By Amar Yumnam
Manipur is now facing serious social crises with national, international and provincial implications, and which are not perceived as such by the population (I include intellectuals as well) and by the government of the population. But these crises do demand attention of and application of mind by the government of the population, agency for action and the centres of application of mind. I must define here what do I mean by centres of application of mind. I am invariably and continuously reminded of what an academic elder and professional advisor (let me mention Professor Atul Sarma, one of the best Economists of the country and with whom I have been discussing issues of the North East right from 1980 to this day) has been emphasising for any development process. He talks of three leaderships: a. the political leadership to be provided by the politicians; b. the administrative leadership to be provided by the bureaucracy; and c. the intellectual leadership to be provided by the intellectuals. He has always em
phasised that none of these actors can afford to fail in performing her roles or otherwise there would always be a vacuum, a vacuum unaffordable by any society; if all three fail chaos is the outcome. While the political and administrative leaderships are self-evident, I must explain what intellectual leadership is. Now I mean the institutes of higher learning and the responsibilities performed by academics in those when I say centres of application of mind; this is intellectual leadership.
Before I spell out the silent crises confronting the society of Manipur, let me emphasise the kind of responses needed to these crises and to be provided by the intellectual leadership, the administrative leadership and the political leadership. All these demand application of mind, evolution of policies and implementation of policies with a long term perspective. Before taking more time, let me emphasise in no uncertain terms that this long term perspective is really long and extends beyond the life-time of a human being. This is because the issues involved relate to the society at large and any society’s life definitely extends beyond the life of an individual. The ultimate question is about the survival and survival with meaning of a society; an individual can find meaning within a context of a social framework. The American way of expressing nationality on the basis of belongingness and not on ethnicity has many lessons to be digested in this context.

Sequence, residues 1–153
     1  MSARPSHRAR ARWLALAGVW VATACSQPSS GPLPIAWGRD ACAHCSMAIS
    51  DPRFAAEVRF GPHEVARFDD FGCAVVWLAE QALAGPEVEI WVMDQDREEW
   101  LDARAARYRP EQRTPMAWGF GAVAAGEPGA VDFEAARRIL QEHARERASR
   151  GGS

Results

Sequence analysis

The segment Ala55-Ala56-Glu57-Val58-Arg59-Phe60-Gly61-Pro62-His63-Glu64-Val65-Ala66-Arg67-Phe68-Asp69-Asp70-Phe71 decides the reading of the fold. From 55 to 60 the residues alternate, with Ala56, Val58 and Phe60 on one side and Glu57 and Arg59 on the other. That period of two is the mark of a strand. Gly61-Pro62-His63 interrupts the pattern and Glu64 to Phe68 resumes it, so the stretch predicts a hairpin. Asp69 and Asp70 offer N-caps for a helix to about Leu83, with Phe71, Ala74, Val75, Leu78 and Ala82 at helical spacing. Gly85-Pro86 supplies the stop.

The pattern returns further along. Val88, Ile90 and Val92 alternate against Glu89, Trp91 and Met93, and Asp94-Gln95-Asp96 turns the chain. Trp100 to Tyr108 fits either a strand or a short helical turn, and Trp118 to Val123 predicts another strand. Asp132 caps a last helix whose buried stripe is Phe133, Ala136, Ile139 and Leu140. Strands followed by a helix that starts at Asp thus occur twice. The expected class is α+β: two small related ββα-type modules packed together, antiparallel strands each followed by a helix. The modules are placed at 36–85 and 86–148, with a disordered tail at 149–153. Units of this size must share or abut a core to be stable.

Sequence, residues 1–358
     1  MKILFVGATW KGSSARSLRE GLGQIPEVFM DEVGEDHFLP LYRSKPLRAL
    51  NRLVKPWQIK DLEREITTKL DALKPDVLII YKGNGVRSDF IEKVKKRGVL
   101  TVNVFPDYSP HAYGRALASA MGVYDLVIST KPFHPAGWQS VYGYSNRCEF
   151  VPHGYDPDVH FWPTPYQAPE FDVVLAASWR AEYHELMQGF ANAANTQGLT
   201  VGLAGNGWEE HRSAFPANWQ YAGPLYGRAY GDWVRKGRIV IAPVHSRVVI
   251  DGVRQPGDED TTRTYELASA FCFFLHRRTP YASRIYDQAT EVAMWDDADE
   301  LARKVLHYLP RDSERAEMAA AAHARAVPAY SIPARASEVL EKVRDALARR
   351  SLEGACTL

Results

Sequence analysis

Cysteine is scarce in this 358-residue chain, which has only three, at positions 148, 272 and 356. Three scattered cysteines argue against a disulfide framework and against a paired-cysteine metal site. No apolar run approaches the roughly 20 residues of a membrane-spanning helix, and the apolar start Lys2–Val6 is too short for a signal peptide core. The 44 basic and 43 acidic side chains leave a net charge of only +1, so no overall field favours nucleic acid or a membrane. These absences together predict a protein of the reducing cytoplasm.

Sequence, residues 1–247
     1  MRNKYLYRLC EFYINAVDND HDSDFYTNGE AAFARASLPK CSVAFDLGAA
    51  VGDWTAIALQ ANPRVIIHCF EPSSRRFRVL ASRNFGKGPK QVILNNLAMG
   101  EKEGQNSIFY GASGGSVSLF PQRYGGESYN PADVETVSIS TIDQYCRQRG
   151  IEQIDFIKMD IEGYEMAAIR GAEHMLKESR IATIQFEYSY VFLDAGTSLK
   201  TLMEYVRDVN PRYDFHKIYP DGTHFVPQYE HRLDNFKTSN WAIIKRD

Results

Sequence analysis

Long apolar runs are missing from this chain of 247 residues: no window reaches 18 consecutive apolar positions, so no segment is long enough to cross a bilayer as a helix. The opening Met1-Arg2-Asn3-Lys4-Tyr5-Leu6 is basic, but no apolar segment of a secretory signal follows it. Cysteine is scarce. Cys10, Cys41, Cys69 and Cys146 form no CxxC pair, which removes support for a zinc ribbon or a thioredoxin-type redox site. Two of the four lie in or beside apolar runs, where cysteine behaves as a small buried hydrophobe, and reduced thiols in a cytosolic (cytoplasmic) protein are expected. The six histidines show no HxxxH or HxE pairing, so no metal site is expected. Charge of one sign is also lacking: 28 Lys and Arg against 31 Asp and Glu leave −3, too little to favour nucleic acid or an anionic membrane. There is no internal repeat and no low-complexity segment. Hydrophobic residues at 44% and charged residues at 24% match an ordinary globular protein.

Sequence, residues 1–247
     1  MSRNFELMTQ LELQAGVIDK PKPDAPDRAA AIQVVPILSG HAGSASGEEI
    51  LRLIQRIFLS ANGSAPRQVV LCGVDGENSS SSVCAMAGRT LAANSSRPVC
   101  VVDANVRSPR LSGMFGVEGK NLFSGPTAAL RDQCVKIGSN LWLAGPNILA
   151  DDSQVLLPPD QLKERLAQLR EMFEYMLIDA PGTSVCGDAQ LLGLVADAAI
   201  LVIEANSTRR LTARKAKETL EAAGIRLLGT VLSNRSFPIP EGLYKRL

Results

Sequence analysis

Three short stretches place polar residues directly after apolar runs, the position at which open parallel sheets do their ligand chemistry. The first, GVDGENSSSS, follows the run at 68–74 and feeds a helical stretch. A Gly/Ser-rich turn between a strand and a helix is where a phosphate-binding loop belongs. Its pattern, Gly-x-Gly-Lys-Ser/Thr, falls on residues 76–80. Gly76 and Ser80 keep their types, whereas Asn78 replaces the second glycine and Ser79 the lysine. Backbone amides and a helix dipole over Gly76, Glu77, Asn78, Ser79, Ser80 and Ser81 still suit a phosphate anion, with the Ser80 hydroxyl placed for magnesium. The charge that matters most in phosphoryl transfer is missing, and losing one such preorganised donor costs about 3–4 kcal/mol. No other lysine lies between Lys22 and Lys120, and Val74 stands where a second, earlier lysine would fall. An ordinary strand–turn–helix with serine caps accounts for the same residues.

The three types of leadership are not sacrosanct in isolation, and meaningfulness emerges only in convergent functioning. The way to appreciate the issues confronting the society are to be provided by the intellectual leadership. The decisions for converting these ways into policies are to be taken by the political leadership. The means for effectively implementing these decisions in terms of actions are to be provided by the administrative leadership. The biggest social crisis facing Manipur today is that the three types of leadership are not in tandem; the political leadership imposes decisions on the administrative leadership, and these two types imagine that they are supreme and superior to the intellectual leadership. The truth of the matter is that no society can flourish on the assumption and functioning that each leadership is exclusive and supreme; there is no example in global civilizational history that this premise is sustainable and has provided foundations for advancement. One latest example is
what a good colleague of mine in international relations has told me on how the avoidance of bombing of Kyoto (a role played by the intellectual leadership in the USA) helped in establishing wonderfully close relationship between the United Stated States of America and Japan after World War II. This non-convergence and non-coordination in the functioning of the three agents in Manipur is of a nature of preparedness for responding to the real social crises.